According to Michael Glanzberg’s “Context and Unrestricted Quantification”, quantifiers always have to be understood as ranging over some contextually given domain; and paradoxes like Russell’s show that, ‘for any given context, there is a distinct context which provides a wider domain of quantification’. So he is defending ‘a contextualist version of the view that there is no absolutely unrestricted quantification’.
The aim of this paper, however, isn’t to directly defend the contextualist thesis as the best response to the paradoxes (Glanzberg has argued the case elsewhere), so much as to explore more closely how best to articulate the thesis, and in particular to explore how the idea that quantifiers always have to understood in terms of a background domain which is set contextually relates to more common-or-garden cases of quantifier domain restriction.
Consider, for example,
1. Every graduate student turned up to the party, and some undergraduates did too.
2. Everyone left before midnight.
In the first case there is are explicitly restricted quantifiers. But we of course don’t mean every graduate student in the world turned up: there is also a contextually supplied restriction to e.g. students in the Cambridge philosophy department. In the second case, context does all the restricting — e.g. to the people at the party.
So far, so familiar. But what about
3. Absolutely everything that exists, without exception, is self-identical?
Here there is no explicit restriction to a subclass of what exists; nor need there be any common-or-garden-contextual restriction of the ordinary kind. Still, Glanzberg wants to say, in any given context there is a background domain (‘the widest domain of quantification available’ in that context). This is the domain over which quantifications as in an occurrence of (3) range, when there is no explicit restriction and no common-or-garden-contextual restriction. And, the argument goes, there is a kind of contextual relativity in fixing this background domain (so, in a sense, the likes of (3) involve contextually relative although unrestricted quantifiers):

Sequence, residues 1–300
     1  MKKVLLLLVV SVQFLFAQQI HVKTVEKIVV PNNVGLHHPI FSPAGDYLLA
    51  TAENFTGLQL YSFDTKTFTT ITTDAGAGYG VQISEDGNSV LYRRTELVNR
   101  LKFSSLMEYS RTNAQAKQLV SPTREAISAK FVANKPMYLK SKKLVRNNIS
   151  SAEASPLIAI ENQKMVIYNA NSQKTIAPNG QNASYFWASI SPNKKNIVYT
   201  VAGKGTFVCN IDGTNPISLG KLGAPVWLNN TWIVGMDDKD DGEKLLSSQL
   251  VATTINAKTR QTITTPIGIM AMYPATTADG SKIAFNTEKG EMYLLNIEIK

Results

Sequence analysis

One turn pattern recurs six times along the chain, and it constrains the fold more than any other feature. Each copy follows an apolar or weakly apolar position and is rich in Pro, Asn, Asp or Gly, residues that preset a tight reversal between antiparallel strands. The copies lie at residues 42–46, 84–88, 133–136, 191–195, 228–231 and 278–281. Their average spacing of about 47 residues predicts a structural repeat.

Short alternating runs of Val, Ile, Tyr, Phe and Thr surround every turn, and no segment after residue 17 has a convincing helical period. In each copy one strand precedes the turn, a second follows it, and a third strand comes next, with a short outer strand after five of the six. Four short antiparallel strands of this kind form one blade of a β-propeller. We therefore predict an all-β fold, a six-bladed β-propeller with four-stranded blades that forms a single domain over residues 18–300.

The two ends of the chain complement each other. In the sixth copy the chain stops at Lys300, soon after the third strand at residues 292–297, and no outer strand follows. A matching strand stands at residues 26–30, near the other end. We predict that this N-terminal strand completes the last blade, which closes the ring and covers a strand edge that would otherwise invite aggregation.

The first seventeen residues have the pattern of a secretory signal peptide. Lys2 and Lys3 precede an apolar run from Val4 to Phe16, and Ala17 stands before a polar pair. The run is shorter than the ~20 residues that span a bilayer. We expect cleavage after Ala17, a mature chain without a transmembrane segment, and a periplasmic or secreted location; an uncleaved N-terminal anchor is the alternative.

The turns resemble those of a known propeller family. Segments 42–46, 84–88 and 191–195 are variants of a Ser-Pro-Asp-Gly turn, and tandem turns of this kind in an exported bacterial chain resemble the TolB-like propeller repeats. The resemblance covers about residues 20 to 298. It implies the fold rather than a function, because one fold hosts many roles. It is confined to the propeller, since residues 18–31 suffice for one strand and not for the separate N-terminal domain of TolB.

Whereas the absolutist holds there is one fixed background domain, which is simply ‘absolutely everything’, the contextualist holds that different contexts can have different background domains.
But of course the contextualist needs to say more than that: it isn’t just that different contexts might give different extensions to ‘absolutely everything’, it is also the case that there is no way of setting up a ‘maximal’ context in which our quantifiers do succeed in being maximally, unexpandably, all-embracing. For example, the contextualist must say that, even given a context of sophisticated philosophical reflection, when — in fall awareness of the issues — we essay a claim like
4. Absolutely everything that might fall under our quantifiers in any context whatsoever is self-identical,
we still somehow must fall short of our aim, because the context can be changed in a way that will expand what counts as everything. But how plausible is this? Well, we’ll have to see how the explanations develop over the rest of the paper.